May 1989

UveitisAn Internist's View

Author Affiliations

From the Departments of Medicine, Ophthalmology, and Cell Biology and the Uveitis Clinic, Oregon Health Sciences University, Portland.

Arch Intern Med. 1989;149(5):1173-1176. doi:10.1001/archinte.1989.00390050129026

• The utility of an evaluation for systemic disease in a patient with uveitis is controversial. To address this issue, we reviewed the records of 236 consecutive patients with uveitis who were referred primarily by ophthalmologists to an internist in a university-based clinic. Patients were referred for a variety of purposes, including differential diagnosis, treatment recommendations, and desire for a second opinion. The study population included 121 male patients and 115 female patients. In 40% of all patients, a systemic disease thought to be causally related to the eye inflammation was diagnosed or its diagnosis was confirmed. While 53% of patients with anterior uveitis had a causally related systemic illness, only 17% of patients with posterior uveitis and 22% of patients with chorioretinitis had an associated systemic disease. The most frequently diagnosed systemic diseases were Reiter's syndrome, ankylosing spondylitis, Sjögren's syndrome, and sarcoidosis. These diagnoses were usually not known prior to referral. An internist can make a significant contribution to the evaluation of many patients with uveitis. Furthermore, most diagnoses can be established by a thorough history and physical examination, without extensive laboratory testing.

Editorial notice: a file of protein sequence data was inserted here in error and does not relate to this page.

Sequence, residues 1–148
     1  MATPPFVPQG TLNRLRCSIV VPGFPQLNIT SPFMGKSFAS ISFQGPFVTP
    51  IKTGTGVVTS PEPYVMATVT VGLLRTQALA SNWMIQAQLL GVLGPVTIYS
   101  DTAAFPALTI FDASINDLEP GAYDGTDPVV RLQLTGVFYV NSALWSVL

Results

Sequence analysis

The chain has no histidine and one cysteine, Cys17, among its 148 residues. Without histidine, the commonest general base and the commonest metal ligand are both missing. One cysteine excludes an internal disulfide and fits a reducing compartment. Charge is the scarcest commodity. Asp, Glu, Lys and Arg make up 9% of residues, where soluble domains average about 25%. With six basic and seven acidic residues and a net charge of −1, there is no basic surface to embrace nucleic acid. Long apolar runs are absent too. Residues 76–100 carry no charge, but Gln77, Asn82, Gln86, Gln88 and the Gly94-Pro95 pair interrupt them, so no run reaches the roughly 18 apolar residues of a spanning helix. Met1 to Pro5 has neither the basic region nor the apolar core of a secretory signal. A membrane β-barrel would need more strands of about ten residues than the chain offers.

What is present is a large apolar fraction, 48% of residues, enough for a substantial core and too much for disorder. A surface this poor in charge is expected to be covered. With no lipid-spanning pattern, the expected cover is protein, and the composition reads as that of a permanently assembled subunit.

(Arch Intern Med. 1989;149:1173-1176)